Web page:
The Brothers Karamazov HTML version

8. Over the Brandy
THE controversy was over. But, strange to say, Fyodor Pavlovitch, who had been
so gay, suddenly began frowning. He frowned and gulped brandy, and it was
already a glass too much.
"Get along with you, Jesuits!" he cried to the servants. "Go away, Smerdyakov.
I'll send you the gold piece I promised you to-day, but be off! Don't cry, Grigory.
Go to Marfa. She'll comfort you and put you to bed. The rascals won't let us sit in
peace after dinner," he snapped peevishly, as the servants promptly withdrew at
his word.
"Smerdyakov always pokes himself in now, after dinner. It's you he's so
interested in. What have you done to fascinate him?" he added to Ivan.
"Nothing whatever," answered Ivan. "He's pleased to have a high opinion of me;
he's a lackey and a mean soul. Raw material for revolution, however, when the
time comes."
"There will be others and better ones. But there will be some like him as well. His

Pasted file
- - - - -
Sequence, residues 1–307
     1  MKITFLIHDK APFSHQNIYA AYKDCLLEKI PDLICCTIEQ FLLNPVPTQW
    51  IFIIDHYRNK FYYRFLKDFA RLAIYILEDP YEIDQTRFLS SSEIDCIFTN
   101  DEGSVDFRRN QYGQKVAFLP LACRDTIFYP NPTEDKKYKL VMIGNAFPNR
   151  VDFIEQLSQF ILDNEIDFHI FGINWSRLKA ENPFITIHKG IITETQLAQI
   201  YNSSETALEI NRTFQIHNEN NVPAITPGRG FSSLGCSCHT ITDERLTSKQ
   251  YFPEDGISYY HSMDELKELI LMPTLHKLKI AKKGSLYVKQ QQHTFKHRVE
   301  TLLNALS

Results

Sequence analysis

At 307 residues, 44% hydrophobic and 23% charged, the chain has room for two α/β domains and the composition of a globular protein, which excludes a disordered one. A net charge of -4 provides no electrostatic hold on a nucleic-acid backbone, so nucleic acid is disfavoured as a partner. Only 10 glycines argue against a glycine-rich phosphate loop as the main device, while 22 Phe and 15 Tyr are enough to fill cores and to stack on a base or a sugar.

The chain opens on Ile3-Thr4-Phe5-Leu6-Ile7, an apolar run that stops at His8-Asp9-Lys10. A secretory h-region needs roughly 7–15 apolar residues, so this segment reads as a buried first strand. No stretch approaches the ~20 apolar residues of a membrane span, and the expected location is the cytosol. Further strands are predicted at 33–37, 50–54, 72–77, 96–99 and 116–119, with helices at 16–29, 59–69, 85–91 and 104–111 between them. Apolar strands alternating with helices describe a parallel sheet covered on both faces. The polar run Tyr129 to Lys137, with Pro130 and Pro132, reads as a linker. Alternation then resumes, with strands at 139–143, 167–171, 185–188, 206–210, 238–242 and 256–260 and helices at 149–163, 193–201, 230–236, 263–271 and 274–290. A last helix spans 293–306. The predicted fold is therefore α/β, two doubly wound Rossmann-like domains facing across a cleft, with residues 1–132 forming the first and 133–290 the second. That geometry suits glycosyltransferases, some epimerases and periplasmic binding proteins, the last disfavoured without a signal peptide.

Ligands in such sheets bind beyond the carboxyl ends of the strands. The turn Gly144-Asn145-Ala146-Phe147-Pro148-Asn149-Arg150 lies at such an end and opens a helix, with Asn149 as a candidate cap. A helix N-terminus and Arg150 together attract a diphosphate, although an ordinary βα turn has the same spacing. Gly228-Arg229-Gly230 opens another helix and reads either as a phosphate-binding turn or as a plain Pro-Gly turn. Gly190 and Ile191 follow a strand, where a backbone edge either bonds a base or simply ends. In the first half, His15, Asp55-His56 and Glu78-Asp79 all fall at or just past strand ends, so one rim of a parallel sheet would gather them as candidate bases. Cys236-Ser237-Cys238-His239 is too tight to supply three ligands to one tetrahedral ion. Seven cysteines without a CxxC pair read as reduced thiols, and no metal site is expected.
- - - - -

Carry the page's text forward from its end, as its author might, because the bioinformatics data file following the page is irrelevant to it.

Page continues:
kind will come first, and better ones after."
"And when will the time come?"
"The rocket will go off and fizzle out, perhaps. The peasants are not very fond of
listening to these soup-makers, so far."
"Ah, brother, but a Balaam's ass like that thinks and thinks, and the devil knows
where he gets to."
"He's storing up ideas," said Ivan, smiling.
"You see, I know he can't bear me, nor anyone else, even you, though you fancy
that he has a high opinion of you. Worse still with Alyosha, he despises Alyosha.
But he doesn't steal, that's one thing, and he's not a gossip, he holds his tongue,
and doesn't wash our dirty linen in public. He makes capital fish pasties too. But,
damn him, is he worth talking about so much?"
"Of course he isn't."
"And as for the ideas he may be hatching, the Russian peasant, generally
speaking, needs thrashing. That I've always maintained. Our peasants are
swindlers, and don't deserve to be pitied, and it's a good thing they're still flogged
sometimes. Russia is rich in birches. If they destroyed the forests, it would be the